Maybe she is a neighbor?  One of my classmates had a neighbor come into her apartment looking for a feather duster once?  Nope, she’s already got a mop.  Hmmm.  Flight or fight?  Definitely flight. (Have I ever chosen fight?).  My roommate informed me that she was our cleaning lady.  “We have a cleaning lady?”  I’m still trying to wrap my head around that one.  Olga continued to talk to me when I was eating in the kitchen, and flossing in the bathroom.  Apparently, my ratty boxers and morning breath were not going to prevent Olga from talking to me.  I only felt like an idiot for not knowing more Greek.  Generally, this feeling occurs later on in the day rather than immediately when I wake up.

 Later on that day my Professor took a classmate and I to an art gallery opening for American artist, Mark Titchner.  The Exhibit is called, “The Age of Happiness.”  It was great and had captivating installations.  She (our professor) offered to take the whole class but it came as no surprise that only I and another girl, my roommate Melissa, wanted to go.  Going to a gallery opening with a Greek who has connections? What’s the hesitation? On the way there our professor asks us every question under the sun.  She wants to know everything about us and she wants to help us in any way that she can.  Sure my professors at Elon are also interested in their students-but man, southern hospitality’s got nothing on Greece.  So we go, and meet the exhibit director and all these other important people with her. Everyone she talked to who worked at the exhibit wanted to know who we were?  What we thought?  It was strange to be amongst so many clearly upper class Greeks.  It was stranger when they wanted to actually talk to us and apparently to also know our life stories.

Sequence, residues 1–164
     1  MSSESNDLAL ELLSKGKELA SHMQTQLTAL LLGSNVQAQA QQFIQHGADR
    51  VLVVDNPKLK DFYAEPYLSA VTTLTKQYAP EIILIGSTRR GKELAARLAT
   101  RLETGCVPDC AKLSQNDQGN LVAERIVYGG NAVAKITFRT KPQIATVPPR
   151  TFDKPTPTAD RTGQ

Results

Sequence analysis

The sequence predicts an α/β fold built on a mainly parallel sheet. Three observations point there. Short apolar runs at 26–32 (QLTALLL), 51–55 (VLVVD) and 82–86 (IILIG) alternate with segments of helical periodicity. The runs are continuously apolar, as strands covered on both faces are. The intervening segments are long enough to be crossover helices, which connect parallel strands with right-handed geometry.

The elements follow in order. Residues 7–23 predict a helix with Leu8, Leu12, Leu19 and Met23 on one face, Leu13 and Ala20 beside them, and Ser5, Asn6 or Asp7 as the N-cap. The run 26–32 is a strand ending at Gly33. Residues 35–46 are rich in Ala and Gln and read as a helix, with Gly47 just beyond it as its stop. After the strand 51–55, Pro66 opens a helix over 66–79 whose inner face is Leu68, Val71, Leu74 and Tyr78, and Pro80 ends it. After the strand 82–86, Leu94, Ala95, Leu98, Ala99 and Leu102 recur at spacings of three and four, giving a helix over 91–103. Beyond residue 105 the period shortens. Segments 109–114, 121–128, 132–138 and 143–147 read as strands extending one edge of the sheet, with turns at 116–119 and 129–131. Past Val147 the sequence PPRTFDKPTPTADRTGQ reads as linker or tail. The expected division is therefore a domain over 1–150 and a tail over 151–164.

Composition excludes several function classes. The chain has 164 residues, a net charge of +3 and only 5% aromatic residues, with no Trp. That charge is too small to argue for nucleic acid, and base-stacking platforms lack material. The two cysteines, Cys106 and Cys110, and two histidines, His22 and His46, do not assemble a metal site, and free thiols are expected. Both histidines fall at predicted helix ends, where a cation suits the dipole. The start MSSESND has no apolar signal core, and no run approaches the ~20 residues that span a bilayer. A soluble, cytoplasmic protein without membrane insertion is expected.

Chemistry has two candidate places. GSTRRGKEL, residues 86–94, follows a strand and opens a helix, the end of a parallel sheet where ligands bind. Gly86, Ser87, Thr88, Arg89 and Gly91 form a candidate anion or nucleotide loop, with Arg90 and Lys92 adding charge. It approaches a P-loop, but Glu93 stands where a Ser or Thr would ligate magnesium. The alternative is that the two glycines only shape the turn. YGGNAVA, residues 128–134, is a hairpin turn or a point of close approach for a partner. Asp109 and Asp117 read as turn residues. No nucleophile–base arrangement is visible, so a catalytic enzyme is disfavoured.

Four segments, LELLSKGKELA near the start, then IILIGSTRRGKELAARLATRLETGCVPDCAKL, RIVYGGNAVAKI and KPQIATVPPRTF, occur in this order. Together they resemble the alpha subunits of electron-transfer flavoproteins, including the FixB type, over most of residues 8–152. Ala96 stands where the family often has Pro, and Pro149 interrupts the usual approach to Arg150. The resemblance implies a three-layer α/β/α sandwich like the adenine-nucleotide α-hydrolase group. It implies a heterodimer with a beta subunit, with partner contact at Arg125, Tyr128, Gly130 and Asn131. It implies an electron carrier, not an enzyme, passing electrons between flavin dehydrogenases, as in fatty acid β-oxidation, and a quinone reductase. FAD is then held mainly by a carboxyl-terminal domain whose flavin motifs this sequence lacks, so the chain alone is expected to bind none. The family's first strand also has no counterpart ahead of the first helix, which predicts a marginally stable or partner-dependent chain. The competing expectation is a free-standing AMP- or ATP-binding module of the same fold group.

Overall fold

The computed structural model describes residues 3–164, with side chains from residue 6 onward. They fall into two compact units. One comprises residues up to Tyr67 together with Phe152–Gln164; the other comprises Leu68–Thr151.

One vendor at the market today certainly acted like he already knew my life story, “you are form America.” (I only spoke Greek to him, again I think it’s the hair? Or my height?)  “You like george bush.  I like him. He is gay though.  I like obama.  Welcome to Greece.  You will like my oranges.”  I will not buy your oranges again malaka.

 It was only after that rather one-sided conversation with the smartass orange vendor that I fully appreciated “Greek nosiness.”  (not sure what else to call it)  Because unlike the orange vendor, most Greeks are not looking for a laugh from the blonde giant roaming their market.  They are merely curious and caring.  Their questions are genuine and so are their hearts.  Mind your own business?  What kind of rule to live by is that?  We are each other’s business, all of us.